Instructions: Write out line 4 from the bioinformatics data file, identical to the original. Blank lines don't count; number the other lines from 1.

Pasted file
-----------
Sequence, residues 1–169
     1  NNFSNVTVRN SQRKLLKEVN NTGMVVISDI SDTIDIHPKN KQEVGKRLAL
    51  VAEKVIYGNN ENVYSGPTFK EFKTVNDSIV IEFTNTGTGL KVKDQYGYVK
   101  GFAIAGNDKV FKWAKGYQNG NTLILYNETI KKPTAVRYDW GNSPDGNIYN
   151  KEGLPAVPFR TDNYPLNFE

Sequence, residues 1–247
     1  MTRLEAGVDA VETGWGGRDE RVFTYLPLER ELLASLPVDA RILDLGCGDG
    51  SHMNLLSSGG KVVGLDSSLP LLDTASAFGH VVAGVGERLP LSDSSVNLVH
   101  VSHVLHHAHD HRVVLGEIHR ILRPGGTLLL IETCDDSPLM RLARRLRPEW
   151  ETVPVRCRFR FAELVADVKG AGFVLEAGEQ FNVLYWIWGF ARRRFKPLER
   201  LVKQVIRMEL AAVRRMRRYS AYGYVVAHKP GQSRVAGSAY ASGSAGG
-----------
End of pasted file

   101  GFAIAGNDKV FKWAKGYQNG NTLILYNETI KKPTAVRYDW GNSPDGNIYN